Kuala Lumpur, Malaysia (CNN) -- It's been more than three weeks since Malaysia Airlines Flight 370 vanished.
The search for the plane continues, even though authorities have said no one aboard survived.
Still, some families are hoping against hope as they continue to wait -- stuck in a sort of purgatory.
"At this point, we feel we are still waiting," said Mohammad Sahril Shaari.
His cousin, Mohammad Razahan Zamani was on Malaysia Airlines Flight 370 with his new wife, Norli Akmar Hamid.
They were headed to Beijing for their honeymoon. They, along with 237 other people aboard, never arrived.
"If he is no more, we will accept it," Mohammad said, at the same time demanding more evidence of what exactly happened.
"We don't know for sure if (the plane) is in the Indian Ocean. We want to see that plane. Even if he's gone, we want his body -- and this is the wish of all families," Mohammad said.
'I just feel so helpless'
The trip to Beijing was to be his cousin's first out of the country. He'd saved for a year to make it happen.
"He was so excited to go, he was already on the plane. It was just a matter of reaching his destination. I just feel so helpless," Mohammad said.
Flight 370 vanished March 8 while flying from Kuala Lumpur to Beijing. Authorities are searching the Indian Ocean for the missing plane but have so far found nothing, leaving families with unanswered questions.
Some have criticized the response and accused Malaysian officials of giving them confusing, conflicting information.
On Monday, dozens of Chinese relatives visited a Kuala Lumpur temple. They chanted, lit candles and meditated. Of the 239 people aboard the flight, 154 were Chinese.
"Chinese are kindhearted people," said Jiang Hui, the families' designated representative. "But we can clearly distinguish between the good and evil. We will never forgive for covering the truth from us and the criminal who delayed the rescue mission."
Jiang asked Malaysia to apologize for announcing March 24 that the plane had crashed, despite the lack of any "direct evidence."
But Mohammad said that he thought authorities were doing the best they could.
"I am satisfied with the ongoing investigation. There are 26 countries involved in this, and I am so thankful to all of them, especially the government of Malaysia," he said.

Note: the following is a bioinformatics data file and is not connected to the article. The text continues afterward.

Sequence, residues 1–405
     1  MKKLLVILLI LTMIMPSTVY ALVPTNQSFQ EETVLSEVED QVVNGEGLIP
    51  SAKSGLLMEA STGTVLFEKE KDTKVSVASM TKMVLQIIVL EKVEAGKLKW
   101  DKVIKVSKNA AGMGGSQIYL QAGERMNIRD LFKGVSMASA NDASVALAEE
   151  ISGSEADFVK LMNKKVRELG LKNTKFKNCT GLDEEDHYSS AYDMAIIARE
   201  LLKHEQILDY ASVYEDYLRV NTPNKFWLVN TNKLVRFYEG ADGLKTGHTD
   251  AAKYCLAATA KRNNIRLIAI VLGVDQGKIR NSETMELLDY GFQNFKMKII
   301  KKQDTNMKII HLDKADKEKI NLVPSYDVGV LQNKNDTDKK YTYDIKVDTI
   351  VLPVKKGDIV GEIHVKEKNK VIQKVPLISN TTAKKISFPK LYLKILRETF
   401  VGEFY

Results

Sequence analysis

"I am confident they will find it, but if they don't, I leave it to Allah, maybe this is his wish," Mohammad said.
'This is not the end of things'
He described his cousin as a cheerful guy, someone who liked to joke around and was well-liked by his family. He recalled their childhood together, playing, cycling and having fun.
"We feel his absence. It is a great loss to us," Mohammad said. "We look happy on the outside, but only God knows what is inside me."
On March 24, Malaysia Airlines and Malaysian Prime Minister Najib Razak said that the plane went into the southern Indian Ocean and that there were no survivors.
Nothing related to the flight has been found -- no wreckage, no bodies, nothing. That has deepened pain for some.
James Wood, the brother of American passenger Philip Wood, spoke to CNN's "Anderson Cooper 360" when Malaysian authorities made their announcement that the plane had gone down.
He has been unable to say goodbye to his brother without being able to see something that demonstrates without a doubt that Philip died. "I can't, I can't..." he said.
Yet he also said there is comfort in knowing he is not alone.
"We're all human, and we all hurt. We all struggle through things. So I'm not the first one to go through something like this, and I'm certainly not going to be the last one," Wood said.
"I don't like being trite when I say my faith is getting me through this," he continued. "It sounds kind of cliche to say it. It's a hope that we have that this is not the end of all things."
CNN's Sara Sidner reported this story from Kuala Lumpur. Dana Ford reported and wrote this report from Atlanta.